Washington: The US is working on normalising diplomatic relations between Saudi Arabia and Israel with the goal of achieving a “transformative” agreement, but the process remains fraught over specifics, including Palestine, Secretary of State Antony Blinken said on Friday.
“Even as we are working on this, it remains a difficult proposition,” Blinken told reporters when asked about a possible deal.
“The specifics of any agreement, in terms of what the different parties are looking for, are challenging,” he continued.
“And so while I believe it is very much possible, it is not at all a certainty. But we believe that the benefit that would accrue, were we able to achieve it, would certainly be worth the effort.”
Blinken “asked whether a deal would be worth it for the US, given Saudi Arabia’s recent refusals to raise oil production and Israel’s insistence on expanding controversial settlements” said the Biden administration expects “progress on a number of issues” of US concern in any deal reached between the two nations.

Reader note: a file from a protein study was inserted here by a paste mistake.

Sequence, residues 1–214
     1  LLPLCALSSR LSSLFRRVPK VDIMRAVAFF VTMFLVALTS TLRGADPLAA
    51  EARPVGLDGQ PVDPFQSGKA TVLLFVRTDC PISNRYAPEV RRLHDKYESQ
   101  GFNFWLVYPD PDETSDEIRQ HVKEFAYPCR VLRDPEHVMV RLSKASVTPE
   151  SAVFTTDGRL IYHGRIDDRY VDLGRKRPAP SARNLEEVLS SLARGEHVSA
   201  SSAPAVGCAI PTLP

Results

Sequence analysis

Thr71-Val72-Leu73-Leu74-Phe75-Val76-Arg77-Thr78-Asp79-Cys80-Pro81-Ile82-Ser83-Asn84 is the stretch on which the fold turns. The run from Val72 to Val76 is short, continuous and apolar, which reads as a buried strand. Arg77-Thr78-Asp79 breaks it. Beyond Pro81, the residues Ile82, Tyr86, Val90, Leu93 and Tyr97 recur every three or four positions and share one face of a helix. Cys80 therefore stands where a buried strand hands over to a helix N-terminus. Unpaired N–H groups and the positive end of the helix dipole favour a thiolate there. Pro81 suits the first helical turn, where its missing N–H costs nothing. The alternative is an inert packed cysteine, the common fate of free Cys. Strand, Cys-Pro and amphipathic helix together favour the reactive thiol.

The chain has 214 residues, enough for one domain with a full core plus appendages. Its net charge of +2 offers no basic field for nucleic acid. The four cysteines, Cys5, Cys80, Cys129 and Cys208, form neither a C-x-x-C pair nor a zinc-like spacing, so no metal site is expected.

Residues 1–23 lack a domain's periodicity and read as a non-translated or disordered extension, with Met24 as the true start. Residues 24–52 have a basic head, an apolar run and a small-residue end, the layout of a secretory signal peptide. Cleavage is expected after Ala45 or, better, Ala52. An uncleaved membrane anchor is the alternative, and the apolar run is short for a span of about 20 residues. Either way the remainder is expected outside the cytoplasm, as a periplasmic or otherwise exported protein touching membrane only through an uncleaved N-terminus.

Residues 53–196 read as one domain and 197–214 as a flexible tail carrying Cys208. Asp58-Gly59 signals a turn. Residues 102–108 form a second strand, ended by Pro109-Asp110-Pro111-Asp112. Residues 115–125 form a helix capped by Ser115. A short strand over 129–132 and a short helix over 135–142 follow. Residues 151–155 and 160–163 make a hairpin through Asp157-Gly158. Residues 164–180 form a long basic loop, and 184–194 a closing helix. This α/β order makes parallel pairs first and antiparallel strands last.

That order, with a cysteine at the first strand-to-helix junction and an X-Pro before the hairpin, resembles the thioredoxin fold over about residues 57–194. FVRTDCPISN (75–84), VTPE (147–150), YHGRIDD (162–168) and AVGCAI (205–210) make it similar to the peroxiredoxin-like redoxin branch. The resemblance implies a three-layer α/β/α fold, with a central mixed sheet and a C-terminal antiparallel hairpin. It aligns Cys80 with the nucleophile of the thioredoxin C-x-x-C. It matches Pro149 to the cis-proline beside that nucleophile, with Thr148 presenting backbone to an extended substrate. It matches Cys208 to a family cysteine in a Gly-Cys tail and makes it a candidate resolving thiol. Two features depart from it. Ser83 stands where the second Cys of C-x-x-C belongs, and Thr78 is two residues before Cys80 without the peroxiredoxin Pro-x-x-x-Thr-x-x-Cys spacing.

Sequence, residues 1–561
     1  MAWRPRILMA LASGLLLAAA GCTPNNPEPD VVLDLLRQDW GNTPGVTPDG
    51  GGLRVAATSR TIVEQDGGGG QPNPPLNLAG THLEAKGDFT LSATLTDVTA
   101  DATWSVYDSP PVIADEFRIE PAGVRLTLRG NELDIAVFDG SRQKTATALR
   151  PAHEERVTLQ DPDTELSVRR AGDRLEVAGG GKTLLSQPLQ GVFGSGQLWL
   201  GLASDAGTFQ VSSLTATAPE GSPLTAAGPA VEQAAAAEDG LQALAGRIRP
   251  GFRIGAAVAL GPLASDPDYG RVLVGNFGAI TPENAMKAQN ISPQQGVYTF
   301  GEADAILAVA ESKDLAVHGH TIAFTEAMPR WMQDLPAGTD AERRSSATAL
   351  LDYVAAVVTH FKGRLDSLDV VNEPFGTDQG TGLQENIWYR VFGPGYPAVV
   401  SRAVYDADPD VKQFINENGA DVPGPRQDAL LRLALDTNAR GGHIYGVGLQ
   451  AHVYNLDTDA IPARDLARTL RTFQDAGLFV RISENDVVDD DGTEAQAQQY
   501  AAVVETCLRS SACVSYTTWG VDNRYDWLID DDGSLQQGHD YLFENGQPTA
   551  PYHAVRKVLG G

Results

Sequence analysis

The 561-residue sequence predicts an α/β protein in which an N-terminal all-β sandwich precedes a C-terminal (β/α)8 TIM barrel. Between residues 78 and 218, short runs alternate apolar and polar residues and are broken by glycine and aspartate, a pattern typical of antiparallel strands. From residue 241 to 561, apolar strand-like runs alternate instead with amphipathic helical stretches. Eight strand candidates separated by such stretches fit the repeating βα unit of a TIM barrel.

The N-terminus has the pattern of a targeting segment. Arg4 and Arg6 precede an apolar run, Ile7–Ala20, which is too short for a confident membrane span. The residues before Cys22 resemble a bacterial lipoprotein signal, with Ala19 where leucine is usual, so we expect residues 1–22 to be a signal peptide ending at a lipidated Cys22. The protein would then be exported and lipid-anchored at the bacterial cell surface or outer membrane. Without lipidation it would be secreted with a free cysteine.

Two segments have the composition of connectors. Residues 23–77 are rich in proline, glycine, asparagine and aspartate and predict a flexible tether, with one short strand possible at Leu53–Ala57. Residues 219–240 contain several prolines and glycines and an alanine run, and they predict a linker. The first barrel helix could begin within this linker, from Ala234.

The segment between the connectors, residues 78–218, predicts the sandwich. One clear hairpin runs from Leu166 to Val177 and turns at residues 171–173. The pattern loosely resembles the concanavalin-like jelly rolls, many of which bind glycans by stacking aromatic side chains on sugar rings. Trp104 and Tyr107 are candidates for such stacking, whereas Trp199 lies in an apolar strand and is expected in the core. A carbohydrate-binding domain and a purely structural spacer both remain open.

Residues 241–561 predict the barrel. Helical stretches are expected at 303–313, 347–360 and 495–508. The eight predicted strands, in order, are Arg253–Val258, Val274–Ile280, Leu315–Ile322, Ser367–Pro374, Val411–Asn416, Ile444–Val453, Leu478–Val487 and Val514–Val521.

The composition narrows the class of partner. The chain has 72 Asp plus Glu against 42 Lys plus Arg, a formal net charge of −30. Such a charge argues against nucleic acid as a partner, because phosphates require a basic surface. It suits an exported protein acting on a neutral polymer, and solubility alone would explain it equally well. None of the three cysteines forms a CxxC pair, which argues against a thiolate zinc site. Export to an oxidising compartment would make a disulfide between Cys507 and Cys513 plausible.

A Saudi-Israel pact would also bring greater stability to the Middle East, he said, adding that having the Jewish state recognised by the custodian of Islam’s holiest shrines would “resonate very, very powerfully” around the region.
“We’ve been drawn in, time and again, to that region, when it was in turmoil, when it was in conflict,” Blinken said, adding that a region “defined by integration” would be “a singularly positive event.”
Still, Blinken said any possible deal would not be a “substitute for Israel and the Palestinians also resolving their differences and, indeed, in our judgment, continuing to move toward and ultimately achieving a two-state solution.”
And that that his own conversations with Saudi leadership have made clear that there will need to be a “significant component” for the Palestinians.